Equine Health Care – Respiratory Diseases
The horse is an obligate nasal breather, this means horses breath solely through their nose. Air passes up through the nostrils and nasal passage, into the naso pharynx, through the larynx and down along the windpipe to the lungs. Horses possess a large lung capacity, which can increase airflow up to 20 times their resting value during exercise. A resting horse breathes on average of 15 times per minute, moving approximatley 5 litres of air with each breath. During fast work a horse can move up to 1,500 litres of air per minute through the respiratory system .
The breath, along with fitness, can be compromised if obstruction to the airway occurs. Two examples of respiratory diseases that can affect the horse’s health and performance, but can be made manageable, are Recurrent Airway Obstruction (RAO) or Exercise Induced Pulmonary Haemorrhage (EIPH).
RAO is the new term for what was previously known as Chronic obstructive pulmonary diease (COPD). RAO is essentially a horse’s allergic reaction to environmental dust. This allerigic reaction causes inflammation and narrowing of the airways making it difficult for the horse to breath.
This allergic reaction can be caused by fungal spores, found in dusty bedding or mouldy hay and straw. The allergic reaction causes an increase in the mucous production, along with inflammation constricting the airways. This combination makes it harder for the horse to breath as the airway narrows. Sometimes, the airway may completely collapse during expiration, which makes breathing out difficult for the horse.
Symptoms of Recurrent Airway Obstruction:(RAO)
- Excess mucus
- Reduced exercise tolerance
- Increased respiratory rate
Once diagnoised RAO is a lifelong condition, but in some cases can be made manageable by the use of equine feed supplements. And the cause can be completely eliminated by turning the horse out full time. If this is not possible a dust free environment must be made available using dust free bedding and mould free forage. The horse may be prescibed a bronchodilator or corticosteroids to help with inflammation and acute attacks of RAO. Equine health supplements can help to loosen mucus, elminate coughing and open up the airway.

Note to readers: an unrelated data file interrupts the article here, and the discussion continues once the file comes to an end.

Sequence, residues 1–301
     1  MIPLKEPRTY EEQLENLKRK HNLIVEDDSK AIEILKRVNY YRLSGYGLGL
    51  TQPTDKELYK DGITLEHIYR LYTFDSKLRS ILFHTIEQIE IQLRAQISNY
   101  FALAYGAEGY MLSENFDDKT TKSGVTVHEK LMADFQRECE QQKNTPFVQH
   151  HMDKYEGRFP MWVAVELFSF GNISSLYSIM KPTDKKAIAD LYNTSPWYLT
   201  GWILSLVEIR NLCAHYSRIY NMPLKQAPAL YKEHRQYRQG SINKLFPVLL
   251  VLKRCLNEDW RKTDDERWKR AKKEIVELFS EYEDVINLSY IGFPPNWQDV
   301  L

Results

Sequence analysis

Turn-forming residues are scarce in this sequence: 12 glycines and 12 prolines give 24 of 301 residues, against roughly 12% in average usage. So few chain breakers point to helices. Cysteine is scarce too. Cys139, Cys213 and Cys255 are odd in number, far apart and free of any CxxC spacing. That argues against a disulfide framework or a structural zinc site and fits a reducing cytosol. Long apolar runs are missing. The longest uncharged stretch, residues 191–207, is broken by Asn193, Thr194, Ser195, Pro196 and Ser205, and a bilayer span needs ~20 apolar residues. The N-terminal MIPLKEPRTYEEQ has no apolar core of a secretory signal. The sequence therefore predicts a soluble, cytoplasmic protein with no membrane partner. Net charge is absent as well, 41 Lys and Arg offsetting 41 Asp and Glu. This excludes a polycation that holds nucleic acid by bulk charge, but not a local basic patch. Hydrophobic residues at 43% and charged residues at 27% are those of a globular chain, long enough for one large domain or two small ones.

Other such Equine Respiratory conditions that affect performance is Equine Induced Pulmonary Harroehage (EIPH) – also known as lung bleeding. It is associated with exercise and refers to bleeding in the lungs due to exertion. EIPH can be seen in varying degrees of hemorrhage that come from the nostril. Horses may cough following bleeding or freqeunt swallowing may occur, and/or the horse may show poor performance. A more definite diagnosis can be made by endoscopic examination of the trachea. Because EIPH occurs in horses in varying degrees a combination of these techniques can be carried out to achieve an accurate diagnosis. Another test used is a broncho-alveolar lavage (BAL), which is used to confirm the presense of EIPH when there is a lack of blood in the trachea. Once diagnoised, managment is essential to prevent recurring episodes of EIPH. Similar to RAO, the environment should be made as dust free as possible. Exercise and conditioning should be planned and time taken to reach fitness.
Equine supplementing can also be part of the management programme for these respiratory issues, to open up airways, eliminate coughing and help the horse to perform better.